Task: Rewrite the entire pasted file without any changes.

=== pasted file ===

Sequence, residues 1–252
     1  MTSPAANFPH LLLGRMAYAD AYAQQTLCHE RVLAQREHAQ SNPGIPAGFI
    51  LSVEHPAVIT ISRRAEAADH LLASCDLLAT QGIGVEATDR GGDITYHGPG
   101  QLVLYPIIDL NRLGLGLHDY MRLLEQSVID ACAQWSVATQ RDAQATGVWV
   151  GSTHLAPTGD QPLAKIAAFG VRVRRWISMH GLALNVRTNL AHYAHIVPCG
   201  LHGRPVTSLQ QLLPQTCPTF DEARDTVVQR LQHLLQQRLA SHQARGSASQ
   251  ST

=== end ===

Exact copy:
Sequence, residues 1–252
     1  MTSPAANFPH LLLGRMAYAD AYAQQTLCHE RVLAQREHAQ SNPGIPAGFI
    51  LSVEHPAVIT ISRRAEAADH LLASCDLLAT QGIGVEATDR GGDITYHGPG
   101  QLVLYPIIDL NRLGLGLHDY MRLLEQSVID ACAQWSVATQ RDAQATGVWV
   151  GSTHLAPTGD QPLAKIAAFG VRVRRWISMH GLALNVRTNL AHYAHIVPCG
   201  LHGRPVTSLQ QLLPQTCPTF DEARDTVVQR LQHLLQQRLA SHQARGSASQ
   251  ST